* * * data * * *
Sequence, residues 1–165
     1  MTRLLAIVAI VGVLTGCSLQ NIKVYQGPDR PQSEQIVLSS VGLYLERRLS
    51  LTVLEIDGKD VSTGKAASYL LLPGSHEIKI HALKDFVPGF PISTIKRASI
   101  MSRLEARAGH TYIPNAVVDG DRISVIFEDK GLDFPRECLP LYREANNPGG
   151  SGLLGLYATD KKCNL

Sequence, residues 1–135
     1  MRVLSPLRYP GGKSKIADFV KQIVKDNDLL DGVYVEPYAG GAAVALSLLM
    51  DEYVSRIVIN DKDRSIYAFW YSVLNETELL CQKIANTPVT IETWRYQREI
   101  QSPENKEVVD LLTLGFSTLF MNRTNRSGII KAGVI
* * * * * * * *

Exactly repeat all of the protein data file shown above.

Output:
Sequence, residues 1–165
     1  MTRLLAIVAI VGVLTGCSLQ NIKVYQGPDR PQSEQIVLSS VGLYLERRLS
    51  LTVLEIDGKD VSTGKAASYL LLPGSHEIKI HALKDFVPGF PISTIKRASI
   101  MSRLEARAGH TYIPNAVVDG DRISVIFEDK GLDFPRECLP LYREANNPGG
   151  SGLLGLYATD KKCNL

Sequence, residues 1–135
     1  MRVLSPLRYP GGKSKIADFV KQIVKDNDLL DGVYVEPYAG GAAVALSLLM
    51  DEYVSRIVIN DKDRSIYAFW YSVLNETELL CQKIANTPVT IETWRYQREI
   101  QSPENKEVVD LLTLGFSTLF MNRTNRSGII KAGVI